Paris luxury brand sheds light on Miami’s Design District.
By Jilian Sanz
It was 1930 when Hermès broke ground on the very first of, what are now, 33 stores in the United States. At the time, the house was already 93 years old and a far cry from its original mission as aharness-maker — dabbling solely in accouterments for what was their very first client, the horse. All in all and 178 years from its inception, today Hermès has become synonymous with exquisitely done goods.
And since the world has watched the brand grow from harnesses all the way through to housewares — and everything in between — it’s only fitting to celebrate the aperture of the latest building in which to house this trove of treasures.
Erected in what Hermès’ chief executive officer, Axel Dumas, calls the “dynamic and innovative neighborhood” of Miami’s Design District, the three-story building and its lush, landscaped rooftop garden further speak to the modernity-meets-classicism that is Hermès. Wood, metal, and stone co-exist quite naturally in the highly designed structure and work to highlight Hermès’ sixteen métiers — the reference that embodies the skills that add to the house’s collections, which include leather goods and saddlery, ready-to-wear and accessories, silk and textiles, perfumes, watches, and some others that cover jewelry, tableware, and the art of living, overall. A special section of the boutique — the first of this kind in the United States — is dedicated to Les Cristalleries de Saint-Louis, which for a better part of 20 years has been producing Hermès’ handcrafted crystal objects.
And on the subject of crystal, it seems as clear as the aforementioned that Hermès would choose to continue to build roots in Miami. Hermès’ commitment to their “faithful American clientele” is well served in the Magic City, for sure. But similarly, and in the words of the brand’s president, Robert Chavez, “Miami is [also] in many ways at the crossroads of the world.” The San Antonio-born executive of Hispanic descent understands that Miami “is the gateway to Latin America,” and cites the “light, color, and brio of this dynamic city” as “what make it irresistible to so many — Hermès among them.”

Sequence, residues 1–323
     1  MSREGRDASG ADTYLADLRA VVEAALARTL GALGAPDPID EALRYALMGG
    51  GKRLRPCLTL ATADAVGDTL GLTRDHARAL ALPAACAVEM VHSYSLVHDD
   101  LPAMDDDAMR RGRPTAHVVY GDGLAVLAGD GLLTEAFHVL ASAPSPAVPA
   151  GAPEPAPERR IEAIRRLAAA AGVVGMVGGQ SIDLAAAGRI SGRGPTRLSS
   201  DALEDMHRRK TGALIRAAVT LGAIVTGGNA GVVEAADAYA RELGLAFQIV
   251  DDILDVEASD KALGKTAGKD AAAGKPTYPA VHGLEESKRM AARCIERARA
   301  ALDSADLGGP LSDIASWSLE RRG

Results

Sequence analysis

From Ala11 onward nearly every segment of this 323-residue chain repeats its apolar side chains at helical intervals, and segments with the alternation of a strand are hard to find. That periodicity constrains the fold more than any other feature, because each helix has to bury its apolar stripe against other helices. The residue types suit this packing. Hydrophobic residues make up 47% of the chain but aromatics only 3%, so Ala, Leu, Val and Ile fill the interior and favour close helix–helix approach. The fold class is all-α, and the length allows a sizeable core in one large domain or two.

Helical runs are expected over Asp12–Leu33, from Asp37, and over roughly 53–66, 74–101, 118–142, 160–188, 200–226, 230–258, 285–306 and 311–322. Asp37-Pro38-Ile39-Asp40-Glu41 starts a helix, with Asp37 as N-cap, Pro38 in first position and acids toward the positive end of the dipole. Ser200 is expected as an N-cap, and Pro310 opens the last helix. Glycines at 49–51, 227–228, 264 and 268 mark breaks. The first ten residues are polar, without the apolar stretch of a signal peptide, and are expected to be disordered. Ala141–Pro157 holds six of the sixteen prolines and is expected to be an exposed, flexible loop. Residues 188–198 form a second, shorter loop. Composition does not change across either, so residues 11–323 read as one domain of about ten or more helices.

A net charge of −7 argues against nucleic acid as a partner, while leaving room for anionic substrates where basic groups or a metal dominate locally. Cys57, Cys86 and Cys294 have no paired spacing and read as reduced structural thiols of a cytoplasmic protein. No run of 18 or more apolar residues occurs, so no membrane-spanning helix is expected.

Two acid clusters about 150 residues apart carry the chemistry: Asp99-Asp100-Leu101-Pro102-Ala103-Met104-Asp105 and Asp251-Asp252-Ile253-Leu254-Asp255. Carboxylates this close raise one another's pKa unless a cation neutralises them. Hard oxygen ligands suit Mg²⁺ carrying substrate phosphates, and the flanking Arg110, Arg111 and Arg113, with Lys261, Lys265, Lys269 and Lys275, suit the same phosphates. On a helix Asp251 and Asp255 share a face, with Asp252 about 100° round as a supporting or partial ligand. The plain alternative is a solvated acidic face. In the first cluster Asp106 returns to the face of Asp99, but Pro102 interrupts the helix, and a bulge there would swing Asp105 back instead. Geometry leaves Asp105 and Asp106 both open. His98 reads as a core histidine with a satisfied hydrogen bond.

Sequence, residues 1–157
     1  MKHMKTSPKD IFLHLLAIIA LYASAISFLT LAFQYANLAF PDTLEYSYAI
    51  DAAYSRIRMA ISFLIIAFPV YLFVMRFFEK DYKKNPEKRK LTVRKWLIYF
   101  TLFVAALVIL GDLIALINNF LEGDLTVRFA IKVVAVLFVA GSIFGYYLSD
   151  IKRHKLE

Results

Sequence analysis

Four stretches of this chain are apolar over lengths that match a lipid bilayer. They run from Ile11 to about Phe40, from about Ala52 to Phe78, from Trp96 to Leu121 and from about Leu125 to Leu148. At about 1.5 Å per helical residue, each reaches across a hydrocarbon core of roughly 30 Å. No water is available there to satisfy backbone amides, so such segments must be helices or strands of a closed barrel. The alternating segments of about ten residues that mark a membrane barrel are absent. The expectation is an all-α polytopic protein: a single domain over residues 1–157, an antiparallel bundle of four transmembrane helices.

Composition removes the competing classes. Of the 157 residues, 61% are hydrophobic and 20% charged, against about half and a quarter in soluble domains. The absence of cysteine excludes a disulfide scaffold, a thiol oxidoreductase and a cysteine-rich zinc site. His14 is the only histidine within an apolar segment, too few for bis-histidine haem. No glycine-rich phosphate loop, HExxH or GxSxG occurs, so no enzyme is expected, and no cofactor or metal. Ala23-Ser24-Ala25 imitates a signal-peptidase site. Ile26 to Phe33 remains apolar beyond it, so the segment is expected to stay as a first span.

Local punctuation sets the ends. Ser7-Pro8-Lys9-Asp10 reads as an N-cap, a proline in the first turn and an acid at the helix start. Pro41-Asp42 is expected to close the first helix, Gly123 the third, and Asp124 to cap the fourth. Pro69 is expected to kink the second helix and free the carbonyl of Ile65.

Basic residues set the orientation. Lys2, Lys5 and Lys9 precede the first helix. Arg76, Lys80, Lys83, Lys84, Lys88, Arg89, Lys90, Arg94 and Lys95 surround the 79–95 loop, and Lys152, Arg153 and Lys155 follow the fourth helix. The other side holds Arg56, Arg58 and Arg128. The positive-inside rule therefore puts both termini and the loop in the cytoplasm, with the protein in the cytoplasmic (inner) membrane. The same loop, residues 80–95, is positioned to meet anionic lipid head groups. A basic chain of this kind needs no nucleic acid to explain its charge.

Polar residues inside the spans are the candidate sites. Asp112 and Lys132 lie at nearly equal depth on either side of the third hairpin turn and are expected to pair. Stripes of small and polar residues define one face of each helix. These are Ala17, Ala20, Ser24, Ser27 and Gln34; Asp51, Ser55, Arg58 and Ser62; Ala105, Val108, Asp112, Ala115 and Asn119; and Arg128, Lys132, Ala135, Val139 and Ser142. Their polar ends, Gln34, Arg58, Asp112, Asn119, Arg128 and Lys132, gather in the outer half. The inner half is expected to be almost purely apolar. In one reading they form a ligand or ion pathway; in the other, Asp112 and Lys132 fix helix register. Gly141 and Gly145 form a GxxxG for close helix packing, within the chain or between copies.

Given the geographic desirability of the new space and its incredible corner unit — with its myriad opportunities for use of natural light — the task of architectural design for the13,000-square-foot structure was entrusted to Denis Montel, artistic director of the Paris-based architecture agency RDAI.
Montel’s observation — that most of the district’s buildings were similar in height approximation and most of the streets lined with design-blocking trees to protect from harsh sunlight — inspired his motion to counter that sameness. “I wanted to create the concept of vibration,” he explains, referencing a sketch of vertical lines inspired by a forest of tall, thin, randomly spaced trees. “It was about how to create protection from the sun, while also playing with movement.”
Today, daylight filters through the building, somewhat like the downward passage of light into the previously mentioned forest — the space engulfed in shadows from all angles. At night, when the shops have shut, the building makes a different kind of statement with its double-layer façade glowing gently, something they liken to a “lantern.” It’s really more of an installation than a building, a gallery even, housing works of art — some of which are unique to this space.
A collection of special objects will be available only in Miami: trays, candleholders, vases, and even bicycles injected with punchy, Miami-appropriate colors, leather and cotton hammocks, exclusive swimwear, and the commemorative Flamingo Party silk scarf, specifically designed by longtime Hermès collaborator and cousin of the Dumas family, Laurence Bourthoumieux. The scarf features two flamingos — known for their mating dances —entwined, their necks forming a heart. Not much different from how the city has welcomed the new boutique — with a deep embrace.